Nyergesújfalu

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Nyergesújfalu
Skyline of Nyergesújfalu
Official seal of Nyergesújfalu
Seal
Nyergesújfalu is located in Hungary
Nyergesújfalu
Nyergesújfalu
Location of Nyergesújfalu
Coordinates: 47°45′24″N 18°32′56″E / 47.75678°N 18.54875°E / 47.75678; 18.54875Coordinates: 47°45′24″N 18°32′56″E / 47.75678°N 18.54875°E / 47.75678; 18.54875
Country  Hungary
County Komárom-Esztergom
Government
 • Mayor Magdolna Mihelik (Fidesz-KDNP)
Area
 • Total 39.51 km2 (15.25 sq mi)
Population (2004)
 • Total 7,649
 • Density 193.59/km2 (501.4/sq mi)
Time zone CET (UTC+1)
 • Summer (DST) CEST (UTC+2)
Postal code 2536
Area code(s) 33

Nyergesújfalu (German: Sattel-Neudorf) is a town in Komárom-Esztergom county, Hungary, in the Central Transdanubia region.

Aerial photography showing outline of Roman Castle Crumerum, Nyergesújfalu

The city, located near the river Danube, is an ancient site of habitation. It was located on the Crumerum, a major Roman trade and military route. Late-era Romans built a fort here, to help protect the northern border of their empire. The settlement was later overrun by various tribes and, later still, by invaders from the Ottoman Empire. In the periods of warfare the fort was destroyed.

European travelers later noted the fort's ruins; for instance, in the mid-18th century, travel writer Richard Pococke wrote about it. "We saw the ruins of the fort, several Roman bricks and elsewhere foundations that seemed to be Roman."[1] The struggle for freedom in the region in the later 18th century resulted in the destruction of most of the fort. A century later, not even remnant stones were visible.

In the late 18th century Maria Theresa of Austria recruited German farmers to immigrate to the Danube Valley in order to repopulate it and revive agriculture. It had suffered a decline in population during the period of the Ottoman invasion, aggravated by plagues. The Germans came mostly from southern principalities and were Catholic; they were allowed to keep their language and religion, and established predominately German-speaking towns. They translated the town's name to "Sattel- Neudorf".

The church still standing in the middle of Nyergesujfalu was finished in baroque style in 1770, on land granted to its founders by Empress Maria Theresa of Austria. [2] Next to the church is the Salesian secondary school, founded by a religious order. Attila József, a noted 20th-century poet, studied here for a short time.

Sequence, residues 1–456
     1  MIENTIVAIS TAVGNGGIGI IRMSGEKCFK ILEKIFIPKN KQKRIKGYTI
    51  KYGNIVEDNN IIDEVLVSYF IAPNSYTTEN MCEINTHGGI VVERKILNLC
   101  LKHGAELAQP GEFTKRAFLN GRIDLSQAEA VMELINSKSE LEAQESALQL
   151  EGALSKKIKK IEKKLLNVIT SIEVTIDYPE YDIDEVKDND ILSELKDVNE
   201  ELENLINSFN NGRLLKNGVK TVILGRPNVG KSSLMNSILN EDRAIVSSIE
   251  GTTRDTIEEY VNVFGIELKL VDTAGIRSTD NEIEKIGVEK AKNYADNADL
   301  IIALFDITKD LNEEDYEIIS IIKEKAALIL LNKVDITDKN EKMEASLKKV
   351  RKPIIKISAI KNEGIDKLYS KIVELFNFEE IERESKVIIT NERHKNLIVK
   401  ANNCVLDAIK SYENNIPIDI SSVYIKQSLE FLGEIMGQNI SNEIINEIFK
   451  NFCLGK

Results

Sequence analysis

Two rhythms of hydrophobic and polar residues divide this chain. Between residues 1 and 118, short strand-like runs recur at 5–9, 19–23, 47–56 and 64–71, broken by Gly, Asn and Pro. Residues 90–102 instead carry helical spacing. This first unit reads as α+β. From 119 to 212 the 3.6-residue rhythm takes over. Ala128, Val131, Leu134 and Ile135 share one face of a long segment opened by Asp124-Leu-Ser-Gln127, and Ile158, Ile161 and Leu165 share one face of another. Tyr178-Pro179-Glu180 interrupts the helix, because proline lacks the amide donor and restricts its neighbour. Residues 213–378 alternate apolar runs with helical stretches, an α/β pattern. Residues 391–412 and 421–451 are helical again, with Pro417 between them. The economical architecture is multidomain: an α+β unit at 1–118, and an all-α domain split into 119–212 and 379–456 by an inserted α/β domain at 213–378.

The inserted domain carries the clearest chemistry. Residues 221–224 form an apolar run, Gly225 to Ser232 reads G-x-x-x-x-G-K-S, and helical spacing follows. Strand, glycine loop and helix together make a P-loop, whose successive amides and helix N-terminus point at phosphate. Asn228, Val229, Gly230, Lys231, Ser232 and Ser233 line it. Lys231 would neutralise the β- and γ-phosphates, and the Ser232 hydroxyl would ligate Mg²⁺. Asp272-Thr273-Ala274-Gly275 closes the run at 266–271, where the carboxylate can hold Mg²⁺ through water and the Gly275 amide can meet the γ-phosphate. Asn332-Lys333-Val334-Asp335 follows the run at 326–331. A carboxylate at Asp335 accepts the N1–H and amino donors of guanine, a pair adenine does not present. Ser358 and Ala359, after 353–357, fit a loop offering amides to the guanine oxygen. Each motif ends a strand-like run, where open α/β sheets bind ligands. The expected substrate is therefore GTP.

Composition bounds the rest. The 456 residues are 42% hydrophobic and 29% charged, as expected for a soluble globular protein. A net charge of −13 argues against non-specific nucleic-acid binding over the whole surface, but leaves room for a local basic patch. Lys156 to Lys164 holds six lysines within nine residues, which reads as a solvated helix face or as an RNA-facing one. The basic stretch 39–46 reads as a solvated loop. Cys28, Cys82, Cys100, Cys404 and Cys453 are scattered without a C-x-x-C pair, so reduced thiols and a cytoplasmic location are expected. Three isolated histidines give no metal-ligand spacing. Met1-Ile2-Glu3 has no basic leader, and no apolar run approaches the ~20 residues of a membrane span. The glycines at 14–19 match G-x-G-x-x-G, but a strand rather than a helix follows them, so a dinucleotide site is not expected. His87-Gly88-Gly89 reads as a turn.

In the last few centuries, the local "fast riders" made the town's name famous. Simon Kézai wrote about the town in his chronicles, referring to it as "Nyergedszeg." Under differing regimes, it was later changed to "Ujfalu" and, more recently, has been spelled as "Nyergesujfalu."

Following World War II, many ethnic Germans were expelled from Hungary and other parts of eastern Europe, as Nazi leader Adolf Hitler had used them as an excuse for warfare. He had said he wanted to reunite ethnic Germans throughout Europe, under the rule of Germany, although these and others in Hungary had lived as Hungarians for more than 200 years.

In the late 20th century, the site of the Roman earthwork fort was rediscovered through aerial photography, which revealed its outlines. Some archeological excavations have been conducted at the site. They have established the original size of the fort and other details. It has become a destination for tourists and hikers. The latter also take advantage of hills and trails in the region. Nyergesújfalu officially became a city in 1989.

The city is associated with the noted 20th-century painter Károly Kernstok (1873–1940), who inherited a house in Nyergesújfalu and lived here for several years. He was the center of an artistic community in Budapest known as The Eight (Nyolcak) (1909-1918), who created the modernist movement in Hungarian art.[3]

International relations[edit]

Twin towns — Sister cities[edit]

Nyergesújfalu is twinned with:

References[edit]

  1. ^ Richard Pococke, A Description of the East, and some other countries, in 1745, 2.2. S. 246th
  2. ^ [1]
  3. ^ "Hungarian Hunt from Paris to Nagybánya, 1900-1914", Art Knowledge News, Hungarian National Museum, accessed 15 Sep 2010

External links[edit]